The environmental journalist Liana John and I continue to work on our Tapir Coffee Book Table! Wonderful photos have been selected, an editor has been chosen and we are now working on the text! We are struggling to raise funds for the publication of the book, so PLEASE let me know if you have any suggestions! In the meantime, Liana and I are getting ready to launch a major education campaign focused on tapirs and their habitats!!! The campaign will be called “Minha Amiga é uma Anta” (MY FRIEND IS A TAPIR) and the main targets will be children and teenagers. The campaign will include several different components: MY FRIEND IS A TAPIR brochure (see the cover attached!), including loads of information about tapirs, photos and fantastic illustrations by Brazilian cartoonist Luccas Longo (please see some of them attached!); MY FRIEND IS A TAPIR website, including again lots of information, photos, videos (including a fantastic introductory video of our tapir hostess, the ANFITRIANTA!), puzzles, downloadable coloring plates, and kids will be able to join the MY FRIEND IS A TAPIR club and download a membership card!; social media profiles on Facebook, Twitter and YouTube; the brochure will be available for download on the website and we have managed to raise funds to print 50,000 copies which we will distribute in schools throughout Brazil, but particularly in the regions where the Lowland Tapir Conservation Initiative is active (for now the Atlantic Forest and Pantanal regions)! I will make sure to send you the link to the MY FRIEND IS A TAPIR website as soon as it is launched… sometime in March! I can´t wait!!!
Speaking of books… I would like to call your attention to a wonderful book that has just been published! It is called “Wildlife Heroes: 40 Leading Conservationists and the Animals They Are Committed to Saving.” It was written by Julie Scardina and Jeff Flocken. Jeff is a member of the IUCN/SSC Tapir Specialist Group (TSG) and long time supporter of tapir conservation worldwide!!!! Jeff made sure to include tapirs in the book and I am one of the 40 conservationists profiled!!! I would like to thank Jeff profusely, a thousand times, for all his efforts to spread the word about the tapir conservation cause!!! You can buy the book here… it is a MUST read: http://www.amazon.com/dp/0762443197/ref=tsm_1_fb_lk
Still speaking of books… book author Sy Montgomery and photographer Nic Bishop are putting the final touches on their next children´s book… THE TAPIR SCIENTIST!!!!! Sy and Nic spent 12 days in the Pantanal with us last August and we are now anxious for the publication of the book!!!! Sy and Nic´s previous books include “The Quest for the Tree Kangaroo: An Expedition to the Cloud Forest of New Guinea”, profiling the work of Lisa Dabek, and “Saving the Ghost of the Mountain” profiling
Tom McCarthy and his incredible efforts to save snow leopards!
Last but definitely not least, I would like to share a very nice piece of news with all of you. This year, my organization here in Brazil – IPÊ – Instituto de Pesquisas Ecológicas (Institute for Ecological Research) – turns 20 years old! IPÊ was founded in 1992 and I am proud to say I was one of the founding members! We are now celebrating 2 decades of conservation work in this country… with lots of accomplishments to share and replicate! We are organizing several special activities to celebrate throughout the year! I am attaching a copy of the commemorative logo designed as part of our celebrations!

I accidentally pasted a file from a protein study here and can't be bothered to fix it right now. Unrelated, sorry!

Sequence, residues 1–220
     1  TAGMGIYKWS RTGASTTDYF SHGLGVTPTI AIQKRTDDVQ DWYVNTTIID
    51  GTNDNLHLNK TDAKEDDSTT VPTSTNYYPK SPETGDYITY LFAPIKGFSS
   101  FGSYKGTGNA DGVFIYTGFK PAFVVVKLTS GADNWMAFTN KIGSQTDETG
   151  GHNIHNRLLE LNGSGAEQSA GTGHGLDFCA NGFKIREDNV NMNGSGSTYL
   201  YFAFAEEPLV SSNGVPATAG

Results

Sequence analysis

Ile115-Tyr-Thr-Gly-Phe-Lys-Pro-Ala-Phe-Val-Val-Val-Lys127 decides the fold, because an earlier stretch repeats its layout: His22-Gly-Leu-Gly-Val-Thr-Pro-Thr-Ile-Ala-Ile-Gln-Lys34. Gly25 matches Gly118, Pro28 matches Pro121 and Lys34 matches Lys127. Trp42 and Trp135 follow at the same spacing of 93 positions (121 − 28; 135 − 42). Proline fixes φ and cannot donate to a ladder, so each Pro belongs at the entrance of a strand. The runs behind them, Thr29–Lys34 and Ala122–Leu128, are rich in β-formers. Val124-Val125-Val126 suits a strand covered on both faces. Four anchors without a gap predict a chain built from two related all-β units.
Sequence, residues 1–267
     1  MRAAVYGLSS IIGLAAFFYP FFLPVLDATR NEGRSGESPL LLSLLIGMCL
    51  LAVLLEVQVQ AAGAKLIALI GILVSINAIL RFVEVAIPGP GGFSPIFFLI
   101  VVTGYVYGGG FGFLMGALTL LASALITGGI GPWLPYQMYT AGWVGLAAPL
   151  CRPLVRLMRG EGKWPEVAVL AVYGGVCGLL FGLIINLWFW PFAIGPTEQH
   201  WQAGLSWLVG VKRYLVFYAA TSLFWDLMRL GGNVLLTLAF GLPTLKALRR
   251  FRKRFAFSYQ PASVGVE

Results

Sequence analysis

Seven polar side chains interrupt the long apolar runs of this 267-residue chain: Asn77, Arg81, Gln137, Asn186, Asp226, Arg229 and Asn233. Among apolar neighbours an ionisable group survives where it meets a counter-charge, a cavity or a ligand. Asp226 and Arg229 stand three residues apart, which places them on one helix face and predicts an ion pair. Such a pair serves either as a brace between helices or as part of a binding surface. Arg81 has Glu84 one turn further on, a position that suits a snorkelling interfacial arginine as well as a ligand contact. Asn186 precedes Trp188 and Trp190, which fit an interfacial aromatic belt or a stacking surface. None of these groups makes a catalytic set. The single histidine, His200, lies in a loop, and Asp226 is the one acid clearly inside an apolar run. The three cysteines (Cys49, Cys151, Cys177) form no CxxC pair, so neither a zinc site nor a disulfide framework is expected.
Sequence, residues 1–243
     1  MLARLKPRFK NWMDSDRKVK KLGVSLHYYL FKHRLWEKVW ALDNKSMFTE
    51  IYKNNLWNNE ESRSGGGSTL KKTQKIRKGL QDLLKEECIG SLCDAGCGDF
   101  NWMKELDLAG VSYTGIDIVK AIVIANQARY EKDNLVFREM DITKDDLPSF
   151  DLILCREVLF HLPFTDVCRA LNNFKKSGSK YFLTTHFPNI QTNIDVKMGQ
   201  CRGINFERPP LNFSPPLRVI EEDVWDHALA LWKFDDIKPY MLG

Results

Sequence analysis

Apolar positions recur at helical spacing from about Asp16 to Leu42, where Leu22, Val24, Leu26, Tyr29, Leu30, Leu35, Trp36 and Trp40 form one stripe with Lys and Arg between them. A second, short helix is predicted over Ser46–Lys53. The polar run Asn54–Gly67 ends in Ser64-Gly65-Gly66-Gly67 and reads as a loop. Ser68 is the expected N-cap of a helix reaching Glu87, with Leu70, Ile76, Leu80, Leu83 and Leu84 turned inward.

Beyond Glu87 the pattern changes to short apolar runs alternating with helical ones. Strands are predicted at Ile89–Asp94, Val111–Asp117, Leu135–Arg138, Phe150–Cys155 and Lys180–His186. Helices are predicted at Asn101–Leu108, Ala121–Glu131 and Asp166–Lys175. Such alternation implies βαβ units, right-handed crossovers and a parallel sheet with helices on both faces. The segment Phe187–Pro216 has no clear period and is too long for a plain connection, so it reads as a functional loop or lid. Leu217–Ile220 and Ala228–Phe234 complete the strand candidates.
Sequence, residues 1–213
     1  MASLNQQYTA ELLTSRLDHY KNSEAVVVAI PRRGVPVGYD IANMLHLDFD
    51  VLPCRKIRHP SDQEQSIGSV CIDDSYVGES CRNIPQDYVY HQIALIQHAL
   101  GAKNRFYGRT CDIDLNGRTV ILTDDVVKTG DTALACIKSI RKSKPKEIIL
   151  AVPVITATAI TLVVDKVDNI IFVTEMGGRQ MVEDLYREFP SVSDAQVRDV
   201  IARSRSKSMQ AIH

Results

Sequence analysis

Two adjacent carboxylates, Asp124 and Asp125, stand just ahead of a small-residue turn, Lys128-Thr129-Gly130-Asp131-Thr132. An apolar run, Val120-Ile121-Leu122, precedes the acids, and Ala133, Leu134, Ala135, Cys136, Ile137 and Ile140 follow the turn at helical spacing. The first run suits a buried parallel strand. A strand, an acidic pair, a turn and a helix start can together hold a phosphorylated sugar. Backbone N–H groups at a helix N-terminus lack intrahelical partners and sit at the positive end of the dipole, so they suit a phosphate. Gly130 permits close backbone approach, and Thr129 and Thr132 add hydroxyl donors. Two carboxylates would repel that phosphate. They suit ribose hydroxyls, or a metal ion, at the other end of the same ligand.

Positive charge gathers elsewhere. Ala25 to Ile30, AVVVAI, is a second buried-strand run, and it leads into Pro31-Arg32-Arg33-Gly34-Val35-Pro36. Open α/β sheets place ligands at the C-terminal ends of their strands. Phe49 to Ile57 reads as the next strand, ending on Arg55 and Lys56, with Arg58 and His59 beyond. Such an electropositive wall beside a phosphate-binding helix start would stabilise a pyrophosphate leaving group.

Ok… I think this is it for today… just sharing some recent developments and news!
I will be back soon to share some of the preliminary results coming out of our preliminary data analyses in March! Stay tuned!!!!!!
Thank you SO, VERY MUCH for your constant support!!!!! I truly appreciate it! Please come visit us in the Pantanal this year!!!
All the best,
Pati and LTCI Team
Testimonies from Previous Volunteers of the Pantanal Tapir Program
I believe that one is defined by what kind of attitude one has in life. Positive, easy-going and sensitivity to others’ needs are characteristics that are worth their weight in gold. Add this to a strong dedication and commitment to the environment and you have a potent mix. Patricia and the tapir team have much of these qualities in abundance. Their vast knowledge and enthusiasm to share their experiences made learning so much fun. I felt like I was in a dream while I was in the Pantanal with the team. Every day not only got better but was such an invaluable learning experience for me. No amount of imagining prior to getting there armed me for the intense surroundings and work with the tapirs. I cannot think which of these things stood out more: the beaming smiles everyday in the morning (not kidding about the smiles) on everyone’s face, the early yet quiet sunrises to launch each day, the eager anticipation of finding a tapir in the traps, the intense capture routine, the happy sigh after the release, the beautiful endless miles of driving on the open range, the satisfying camaraderie, leg-pulling and acceptance of the team, the gorgeous sunsets, the breathless drives in the dark nights looking for tapir silhouettes and glowing eyes or the impromptu sightings of the fascinating wildlife all around. My time with the tapir team has inspired me and makes me want to be like them. I think I may have left a bit of myself there. I am surely going back soon. Oh, I forgot, Patricia Medici is my hero!